of long practise. Suddenly, as the latter looks
on hi3 instruments his sight grows dim; he:
takes a lens to help sight, and only marks from
his falling barometer that they were still rising
rapidly. A flask of brandy lies within a foet of
im : he tries to reach it bat his hands refuse
to obey his will. He tries to cnll upon his
comrade, who has gone up into the ring above;
a whisper in that deeASftlness ttouUI suffice,
bni no sound come's.mm his Hp's he is voice
less. The imnn iomes down into thecar;
he sees his comrade ira swoon, and feels his
own senses failing him.
He saw at once that 'life and death hung
upon a few moments, and seized or tried to
seize the valve, in order to let out a portion
of the gas. His hands are purple with intense
cold they are pnralized ibey will not respond
to his wiJL He seized the valve with his teeth
and opened it a little ence, twice, thrice. The
balloon begas to descend. Then the- swooned
marksman returned to consciousness, and saw
the steersman standing belore him. He looked
at his instruments; ! h,ey most hnve been near
ly eight miles up ; but now the barometer waa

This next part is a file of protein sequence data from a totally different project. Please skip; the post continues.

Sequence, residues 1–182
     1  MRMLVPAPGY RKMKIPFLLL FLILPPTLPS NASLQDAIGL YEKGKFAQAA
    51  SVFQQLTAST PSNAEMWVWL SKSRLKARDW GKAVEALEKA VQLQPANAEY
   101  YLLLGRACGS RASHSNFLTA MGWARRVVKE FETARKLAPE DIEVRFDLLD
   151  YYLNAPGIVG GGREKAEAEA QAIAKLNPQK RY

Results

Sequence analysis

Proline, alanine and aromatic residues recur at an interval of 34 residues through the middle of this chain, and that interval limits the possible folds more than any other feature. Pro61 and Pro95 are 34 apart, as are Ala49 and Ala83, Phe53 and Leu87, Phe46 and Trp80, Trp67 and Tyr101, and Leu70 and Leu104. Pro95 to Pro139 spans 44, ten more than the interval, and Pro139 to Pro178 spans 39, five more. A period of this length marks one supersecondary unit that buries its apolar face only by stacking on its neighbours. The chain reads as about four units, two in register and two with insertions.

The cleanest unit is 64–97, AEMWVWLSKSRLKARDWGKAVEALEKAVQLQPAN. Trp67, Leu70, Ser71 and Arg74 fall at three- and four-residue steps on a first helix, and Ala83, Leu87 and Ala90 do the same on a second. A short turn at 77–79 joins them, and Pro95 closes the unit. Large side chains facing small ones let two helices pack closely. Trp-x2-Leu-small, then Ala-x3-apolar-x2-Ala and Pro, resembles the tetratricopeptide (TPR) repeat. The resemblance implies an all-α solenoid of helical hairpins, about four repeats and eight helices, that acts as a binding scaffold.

rising rapidly the balloon was descending.
Brandy was used. They had been higher
above earth than mortal man or nny other
living being had ever been before.
One minute more pf inaction, or compulsory
inaction, on the part of the steersman, whose
senses were failing Km, and the air ship with.
its intensely rarified gas would bji ve been float
ing unattended, with two corpses in the realms
A Pleasant Sensattoii?
The following is tje partial story of an Indian
fighter who cameolF. minus bis hair on ibe top
of his head :
"When I fell I went over backward, drDp-
ping my gun, and X' had got just halfway up
again, tbe squaw yanki.ns- me by thehi'ir, when
the Indian clubbed iny gun ard struck me
across the neck. Ihe blow stunned me: The
squaw kppt screeching and pulling my hair by
handsfull. 1 heaid some one of our boys
shouting, close by, aud the squaw started and
run, one of the boys kii .ing h.er not three rods
off. The Indian stepped oii foot on my chest,
and wiih his hand gathered up the hair upir
crown of my he id. He wasn't" very tender
about it, butjirked my' head this way and that,
like Salan. My eyes were partly open and I
could see the headwork and tiimminsc on his
eggins. Suddenly I felt the awlullest biting,
cutting flanh go round my head, and then it
ieemed to me as if my whole head had been
jirked clean off. I never felt such pain, in a.11
my life; it was like pulling your brains right
out. I did not know any more for two or thces
days, and when I came to I had the sorest
h'ead of any human being that ever lived. If
the boys did kill the viper, they didn't get back